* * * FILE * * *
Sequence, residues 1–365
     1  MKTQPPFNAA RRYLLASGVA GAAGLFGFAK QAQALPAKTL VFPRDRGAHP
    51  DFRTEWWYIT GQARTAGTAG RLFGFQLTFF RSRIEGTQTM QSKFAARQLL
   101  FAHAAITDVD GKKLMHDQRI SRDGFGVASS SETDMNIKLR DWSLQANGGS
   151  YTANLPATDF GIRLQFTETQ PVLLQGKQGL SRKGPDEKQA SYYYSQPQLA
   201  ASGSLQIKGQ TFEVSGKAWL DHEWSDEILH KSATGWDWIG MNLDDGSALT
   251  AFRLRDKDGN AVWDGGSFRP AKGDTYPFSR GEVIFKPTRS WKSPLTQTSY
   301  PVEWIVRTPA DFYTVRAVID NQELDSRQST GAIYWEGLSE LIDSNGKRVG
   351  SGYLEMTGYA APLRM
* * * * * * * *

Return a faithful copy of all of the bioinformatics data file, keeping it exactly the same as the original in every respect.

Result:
Sequence, residues 1–365
     1  MKTQPPFNAA RRYLLASGVA GAAGLFGFAK QAQALPAKTL VFPRDRGAHP
    51  DFRTEWWYIT GQARTAGTAG RLFGFQLTFF RSRIEGTQTM QSKFAARQLL
   101  FAHAAITDVD GKKLMHDQRI SRDGFGVASS SETDMNIKLR DWSLQANGGS
   151  YTANLPATDF GIRLQFTETQ PVLLQGKQGL SRKGPDEKQA SYYYSQPQLA
   201  ASGSLQIKGQ TFEVSGKAWL DHEWSDEILH KSATGWDWIG MNLDDGSALT
   251  AFRLRDKDGN AVWDGGSFRP AKGDTYPFSR GEVIFKPTRS WKSPLTQTSY
   301  PVEWIVRTPA DFYTVRAVID NQELDSRQST GAIYWEGLSE LIDSNGKRVG
   351  SGYLEMTGYA APLRM